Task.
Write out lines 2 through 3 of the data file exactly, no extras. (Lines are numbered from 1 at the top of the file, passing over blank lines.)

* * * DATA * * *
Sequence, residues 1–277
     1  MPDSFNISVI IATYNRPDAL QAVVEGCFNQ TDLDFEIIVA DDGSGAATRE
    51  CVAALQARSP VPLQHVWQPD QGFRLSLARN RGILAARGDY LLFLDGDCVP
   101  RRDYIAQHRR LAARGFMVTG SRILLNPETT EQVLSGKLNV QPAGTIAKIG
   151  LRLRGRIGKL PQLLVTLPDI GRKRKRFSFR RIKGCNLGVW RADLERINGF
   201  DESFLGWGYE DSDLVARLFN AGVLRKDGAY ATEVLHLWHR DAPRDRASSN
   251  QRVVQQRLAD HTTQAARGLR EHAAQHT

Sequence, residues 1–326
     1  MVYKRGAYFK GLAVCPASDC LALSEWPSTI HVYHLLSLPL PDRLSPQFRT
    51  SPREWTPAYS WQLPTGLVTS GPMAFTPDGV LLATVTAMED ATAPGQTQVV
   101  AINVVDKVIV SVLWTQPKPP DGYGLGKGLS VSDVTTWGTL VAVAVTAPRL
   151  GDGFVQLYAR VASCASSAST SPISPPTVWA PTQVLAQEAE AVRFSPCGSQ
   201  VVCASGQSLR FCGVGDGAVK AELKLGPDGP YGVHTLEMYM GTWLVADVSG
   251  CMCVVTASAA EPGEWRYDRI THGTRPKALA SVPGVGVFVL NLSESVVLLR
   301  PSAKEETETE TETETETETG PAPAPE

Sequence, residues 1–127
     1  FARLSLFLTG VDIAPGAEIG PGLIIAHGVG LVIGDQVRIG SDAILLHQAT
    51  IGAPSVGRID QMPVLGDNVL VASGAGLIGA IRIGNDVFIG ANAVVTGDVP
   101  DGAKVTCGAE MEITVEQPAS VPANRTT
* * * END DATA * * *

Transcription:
     1  MPDSFNISVI IATYNRPDAL QAVVEGCFNQ TDLDFEIIVA DDGSGAATRE
    51  CVAALQARSP VPLQHVWQPD QGFRLSLARN RGILAARGDY LLFLDGDCVP